Franchising as a Lifeline
The stereotypical young American’s life—college, internship, first career, dream job—isn’t in the cards for everyone, whether that’s by choice or circumstance. Without a neatly defined path, people tend to focus on what they’re good at. During a stint writing in the auto repair and collision repair worlds (they’re different!), I interviewed many impressive young people that focused on a skill, put in the time and, through patience and dedication, were working toward the dream of becoming their own bosses.
Nobody can question the dedication of a single mom in her late 20’s that works nearly full time, is completing a professional degree in auto repair and spends a lot of time being a good mom to her daughter. I was similarly moved by a young guy I spoke with pulling double duty working as a mechanic by day and wrenching on behalf of his own business every night—often at least until 10 o'clock.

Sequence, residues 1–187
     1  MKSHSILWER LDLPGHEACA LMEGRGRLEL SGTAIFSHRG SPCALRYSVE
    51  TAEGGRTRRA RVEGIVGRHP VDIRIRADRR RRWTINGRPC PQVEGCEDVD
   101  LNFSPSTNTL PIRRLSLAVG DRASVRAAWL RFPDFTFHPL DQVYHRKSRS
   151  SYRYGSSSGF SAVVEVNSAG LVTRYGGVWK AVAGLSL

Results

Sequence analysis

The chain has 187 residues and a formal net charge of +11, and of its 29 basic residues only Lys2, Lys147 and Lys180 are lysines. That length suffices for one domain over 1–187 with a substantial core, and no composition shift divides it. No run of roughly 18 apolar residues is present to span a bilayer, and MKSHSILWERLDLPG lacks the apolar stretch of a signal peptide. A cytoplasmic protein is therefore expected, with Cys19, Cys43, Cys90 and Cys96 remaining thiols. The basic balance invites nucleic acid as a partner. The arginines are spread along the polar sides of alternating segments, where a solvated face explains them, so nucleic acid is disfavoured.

Such dedication can pay off, and franchising provides a vital opportunity for hardworking people with the skills, ambition and courage to stick their neck out for the chance to control their own destiny. To me, that’s more awe inspiring than a typical trip through a four-year university.
Before joining the franchise world, I was unaware of the SBA’s assistance for those looking for a new beginning. I also didn’t know you could tap 401K funds to start a business.
Even though I’m very happy as a journalist (and have yet to find any reporter franchises), just knowing these options exist gets my gears turning. As it turns out, cereal restaurants, yogurt stores and dog-walking businesses all already exist.
Working on a story for our September issue on automotive franchises grooming employees to become franchise owners, I hope other franchisors—and the whole industry—communicates these lifeline options to their employees.
Gathering financing isn't easy when you’re young and working your way up the chain, but social mobility is what franchising is all about and everybody in the biz needs to encourage that.